Interestingly, for the first time a mosque design review committee was set-up which gave design suggestions for the upcoming Punggol Mosque. The final design of the mosque will be unveiled at the ground-breaking ceremony later this year incorporating the committee’s feedback.

The Sultan Mosque. Dates back to 1823. Located at the historical Kampong Glam site. The present mosque structure, which is a combination of Persian, Moorish and Turkish themes representing the Islamic Saracenic style with big domes and minarets, was completed in 1928. Known for its unique multi-ethnic administration, the mosque is governed by a charter put in place in 1914 which stipulated that the Board of Trustees must represent the six different ethnic groups of Malays, Arabs, Javanese, Bugis, as well as north and south Indians.
The Sultan Mosque. Dates back to 1823. Located at the historical Kampong Glam site. The present mosque structure, which is a combination of Persian, Moorish and Turkish themes representing the Islamic Saracenic style with big domes and minarets, was completed in 1928. Known for its unique multi-ethnic administration, the mosque is governed by a charter put in place in 1914 which stipulated that the Board of Trustees must represent the six different ethnic groups of Malays, Arabs, Javanese, Bugis, as well as north and south Indians.

Earlier this year, Yaacob Ibrahim, minister-in-charge for Muslims affairs, at the MUIS work plan seminar noted that mosques in Singapore are “ a source of tranquillity and solace”. “Mosques are another key socio-religious institution close to our hearts. We want to create better experience at the mosques, both physically and spiritually. Punggol Mosque will be completed by 2015, while the mosques at Jurong West and Woodlands will be ready by 2016. Also, 16 mosques will be undergoing the Mosque Upgrading Programme,” Ibrahim added. Of these, seven mosques are up for major upgrading, while nine for minor works.

Going ahead, MUIS is also looking at friendlier buildings for mosques with barrier-free infrastructure such as ramps, and toilets for the handicapped, which will enable mosques to be inclusive and cater to a wider community.

History of mosque building in Singapore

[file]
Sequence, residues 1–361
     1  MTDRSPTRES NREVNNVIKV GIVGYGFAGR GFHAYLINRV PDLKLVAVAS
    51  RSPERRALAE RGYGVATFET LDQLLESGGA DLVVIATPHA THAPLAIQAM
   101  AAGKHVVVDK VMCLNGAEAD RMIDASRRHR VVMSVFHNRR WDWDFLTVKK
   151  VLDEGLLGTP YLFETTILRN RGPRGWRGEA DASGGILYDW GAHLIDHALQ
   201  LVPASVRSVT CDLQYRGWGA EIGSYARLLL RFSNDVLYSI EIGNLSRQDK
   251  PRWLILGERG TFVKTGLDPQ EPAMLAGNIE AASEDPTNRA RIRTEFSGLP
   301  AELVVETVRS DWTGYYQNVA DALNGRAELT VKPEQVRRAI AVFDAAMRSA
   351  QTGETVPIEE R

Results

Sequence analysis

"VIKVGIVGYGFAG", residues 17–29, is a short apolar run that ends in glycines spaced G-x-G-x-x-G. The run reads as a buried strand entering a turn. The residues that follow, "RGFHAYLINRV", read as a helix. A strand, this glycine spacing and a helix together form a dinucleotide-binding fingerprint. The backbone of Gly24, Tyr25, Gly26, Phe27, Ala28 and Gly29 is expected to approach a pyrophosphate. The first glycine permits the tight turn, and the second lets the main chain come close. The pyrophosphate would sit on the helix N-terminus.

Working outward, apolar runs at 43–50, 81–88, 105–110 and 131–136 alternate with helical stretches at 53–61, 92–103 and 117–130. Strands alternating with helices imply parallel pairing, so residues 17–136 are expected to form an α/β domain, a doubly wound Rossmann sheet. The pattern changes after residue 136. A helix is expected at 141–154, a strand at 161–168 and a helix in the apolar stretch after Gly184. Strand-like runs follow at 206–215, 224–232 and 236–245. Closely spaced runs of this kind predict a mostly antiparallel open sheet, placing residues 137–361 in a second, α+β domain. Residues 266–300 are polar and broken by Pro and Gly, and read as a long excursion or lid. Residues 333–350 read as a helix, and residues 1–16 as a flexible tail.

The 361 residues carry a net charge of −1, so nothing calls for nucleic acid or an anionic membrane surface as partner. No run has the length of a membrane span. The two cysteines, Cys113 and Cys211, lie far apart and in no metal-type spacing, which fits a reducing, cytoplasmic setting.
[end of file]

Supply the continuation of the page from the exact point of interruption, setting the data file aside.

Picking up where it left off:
In early 19th century, Arab and Indian Muslim traders pooled in resources and built several mosques across the Island. These include the Al-Abrar Mosque (1827), Hajjah Fatimah Mosque (1846) and Abdul Ghafoor Mosque (1850).Soon after independence, in 1968, the Administration of Muslim Law Act (AMLA) was enacted which led to the establishment of MUIS. One of the functions of MUIS is “to administer all mosques” as stipulated in provision 3.2(e) of AMLA. Seven years later, in 1975, the Mosque Building Fund (MBF) was formed “to raise funds from Muslim employees through the Central Provident Fund (CPF) check-off mechanism to build new generation mosques in new housing estates.” Masjid Muhajirin was the first mosque built under the MBF scheme in 1977 and is now known as Singapore Islamic Hub.As of now, Singapore has 69 mosques, which are operated through the the Enhanced Mosque Cluster System. These are grouped into five clusters along the boundaries of the Community Development Council (CDC) and with each cluster having between 7 to 29 mosques.The Central Mosque Cluster is the largest covering 29 mosques. This is further divided into the Central South Cluster with 17 mosques and head-quarters at Al-Amin Mosque, and the Central North Cluster with 12 mosques, and head-quarters at the Al Muttaqin Mosque.MUIS claims that “while operating as a cluster, the mosques benefit from the economies of scale, share resources and achieve synergy. Via the cluster, mosques are also now able to provide a more holistic intervention and assistance to families in need i.e. the zakat recipients, beyond just monthly cash hand-outs”.